A key aspect in understanding how historic building and monuments fail, and how to design effective conservation solutions lies in active engagement with the knowledge base of conservation science research. Conferences on different aspects of the conservation of buildings and places provide an opportunity to look beyond the practical problems encountered on individual projects, to consider fundamental issues and the challenges and discoveries of other researchers from around the world, and also allows me to keep abreast of the latest developments in technology, technique and practice.
The 13th International Congress on the Deterioration and Conservation of Stone will be held in the University of the West of Scotland in September. This paper on granite and salt decay combined two of my research interests – how culturally significant stone surfaces deteriorate, and the deterioration processes found underwater, in the inter-tidal zone and immediately adjacent to the high tide mark can differ so dramatically from what we ‘normally’ find on buildings and monuments on dry land.
The research was based on the examination and analysis of stone from 88 monuments on the east, west and south coasts of Ireland, using non-destructive visual assessment techniques, in situ XRF analysis of stone surfaces, and detailed examination of stone using petrography, ion chromatography and the scanning electron microscope. The sites selected allowed a comparison of ‘dry’ monuments with those in the inter-tidal zone and submerged stone surfaces from a number of historic harbours (looking at the deterioration of stone from one to four metres underwater, a zone of high stresses – the specialised deterioration processes are discussed in John Ashursts Conservation of Ruins). The paper has the slightly unwieldy (but factual) title of Granite and marine salt weathering anomalies from submerged, inter-tidal and coastal archaeological monuments in Ireland. The abstract of the research is here:
Abstract of the Paper: The phenomenon of severe stone decay in coastal areas is well documented as a significant threat to stone cultural heritage in both Mediterranean and Atlantic Europe, and previous research has consistently shown that the action of salts of marine origin play a significant role in the deterioration of these stone surfaces. However, in an Irish context, a monument located on the coastline does not necessarily or even normally experience any greater degradation than a similar monument of the same stone type located in a non-polluted inland environment. Outside the harsh inter-tidal zone and the special deterioration processes found in shallow marine environments, there is often negligible difference in the rate or severity of stone decay on a granite monument built 2metres from the high water mark, with a comparable granite monument located 50metres or 50kilometres inland. Why then would coastal buildings in Ireland survive in better condition than their counterparts elsewhere in Europe? This paper presents a synthesis of field- and laboratory studies of 88 archaeological monuments and historic structures built of granite located in three of the four granite batholiths found in Ireland. The monuments and structures examined are located on the east, west and south coasts of Ireland from submerged, inter-tidal, coastal and unpolluted inland environments. The research detected particular patterns of salt deposition on granite building stones, and developed a hypothesis to explore the anomalies of salt-related granite weathering in Ireland and the significance of local distinctiveness in building conservation studies.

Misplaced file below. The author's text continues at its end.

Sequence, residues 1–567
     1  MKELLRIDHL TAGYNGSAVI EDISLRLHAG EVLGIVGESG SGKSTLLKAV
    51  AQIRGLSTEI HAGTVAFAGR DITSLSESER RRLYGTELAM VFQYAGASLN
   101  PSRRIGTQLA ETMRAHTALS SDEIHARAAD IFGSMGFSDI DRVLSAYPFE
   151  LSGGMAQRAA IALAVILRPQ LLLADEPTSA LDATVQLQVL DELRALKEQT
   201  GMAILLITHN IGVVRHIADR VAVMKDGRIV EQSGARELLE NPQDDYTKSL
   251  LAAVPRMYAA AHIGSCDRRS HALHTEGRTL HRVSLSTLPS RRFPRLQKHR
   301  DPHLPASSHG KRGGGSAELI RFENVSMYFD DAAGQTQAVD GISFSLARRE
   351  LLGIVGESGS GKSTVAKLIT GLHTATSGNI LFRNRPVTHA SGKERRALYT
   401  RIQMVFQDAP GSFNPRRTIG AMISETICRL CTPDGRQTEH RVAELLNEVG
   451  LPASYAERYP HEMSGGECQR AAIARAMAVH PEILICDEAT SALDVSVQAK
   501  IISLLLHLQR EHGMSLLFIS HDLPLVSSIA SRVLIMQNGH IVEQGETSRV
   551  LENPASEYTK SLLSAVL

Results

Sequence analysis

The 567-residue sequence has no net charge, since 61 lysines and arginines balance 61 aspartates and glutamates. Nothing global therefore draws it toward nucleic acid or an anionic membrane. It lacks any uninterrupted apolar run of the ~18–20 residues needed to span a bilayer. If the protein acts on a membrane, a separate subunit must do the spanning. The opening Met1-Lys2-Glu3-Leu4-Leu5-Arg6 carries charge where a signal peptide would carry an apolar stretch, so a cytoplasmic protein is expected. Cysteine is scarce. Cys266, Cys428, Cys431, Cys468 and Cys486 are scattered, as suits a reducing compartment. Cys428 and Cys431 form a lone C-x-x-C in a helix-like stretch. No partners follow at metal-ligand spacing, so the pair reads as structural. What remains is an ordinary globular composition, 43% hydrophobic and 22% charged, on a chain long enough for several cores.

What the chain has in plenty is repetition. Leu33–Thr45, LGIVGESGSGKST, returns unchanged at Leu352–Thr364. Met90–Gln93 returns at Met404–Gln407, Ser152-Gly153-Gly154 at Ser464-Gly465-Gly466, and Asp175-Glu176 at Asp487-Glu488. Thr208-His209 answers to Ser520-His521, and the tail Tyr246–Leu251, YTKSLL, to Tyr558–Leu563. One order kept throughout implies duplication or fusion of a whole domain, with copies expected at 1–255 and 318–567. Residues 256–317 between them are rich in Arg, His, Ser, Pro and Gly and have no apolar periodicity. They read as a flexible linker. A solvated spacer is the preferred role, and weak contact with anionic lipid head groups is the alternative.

About the Congress: The International Congress on the Deterioration and Conservation of Stone is held every four years, and provides an information exchange forum for researchers, managers and practitioners around the world who are concerned about the conservation of cultural stone structures and objects.
The first congress was held in La Rochelle in 1972, and then Athens (1976), Venice (1979 and 2000), Louisville (1982), Lausanne (1985), Torun (1988 and 2008), Lisbon (1992), Berlin (1996), Stockholm (2004) and New York in 2012. The 13th International Congress on the Deterioration and Conservation of Stone will be held at the University of the West of Scotland in Paisley, Scotland, from the 6th to the 10th of September 2016. The attracts an international audience, with attendance averaging 270 participants presenting 150 papers. The conference proceedings have become the standard state-of-the-art documentation of innovations and developments in the field of stone conservation science.